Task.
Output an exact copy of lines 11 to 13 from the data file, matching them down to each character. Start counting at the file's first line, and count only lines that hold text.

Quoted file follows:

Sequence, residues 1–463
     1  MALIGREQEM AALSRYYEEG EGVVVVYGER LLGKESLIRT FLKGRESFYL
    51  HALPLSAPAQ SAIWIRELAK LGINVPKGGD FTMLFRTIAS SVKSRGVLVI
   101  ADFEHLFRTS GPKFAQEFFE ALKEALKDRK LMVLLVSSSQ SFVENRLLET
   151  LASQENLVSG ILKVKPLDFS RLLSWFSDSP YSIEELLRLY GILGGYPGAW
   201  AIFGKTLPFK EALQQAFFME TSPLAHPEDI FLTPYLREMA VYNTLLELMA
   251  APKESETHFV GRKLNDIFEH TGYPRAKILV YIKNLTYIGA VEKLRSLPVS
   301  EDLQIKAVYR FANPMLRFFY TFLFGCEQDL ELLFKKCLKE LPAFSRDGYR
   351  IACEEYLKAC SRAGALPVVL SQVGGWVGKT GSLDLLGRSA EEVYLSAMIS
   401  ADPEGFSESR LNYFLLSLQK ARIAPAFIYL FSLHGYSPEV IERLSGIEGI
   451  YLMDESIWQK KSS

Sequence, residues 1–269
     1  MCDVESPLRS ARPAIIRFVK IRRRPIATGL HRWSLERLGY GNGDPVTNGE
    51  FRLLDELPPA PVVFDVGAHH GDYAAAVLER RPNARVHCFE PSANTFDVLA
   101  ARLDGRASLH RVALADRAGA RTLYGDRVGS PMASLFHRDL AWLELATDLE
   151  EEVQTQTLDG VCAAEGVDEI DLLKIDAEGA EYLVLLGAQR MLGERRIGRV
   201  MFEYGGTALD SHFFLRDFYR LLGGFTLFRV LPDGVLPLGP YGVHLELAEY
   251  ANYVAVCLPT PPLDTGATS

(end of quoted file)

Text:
   451  YLMDESIWQK KSS

Sequence, residues 1–269
     1  MCDVESPLRS ARPAIIRFVK IRRRPIATGL HRWSLERLGY GNGDPVTNGE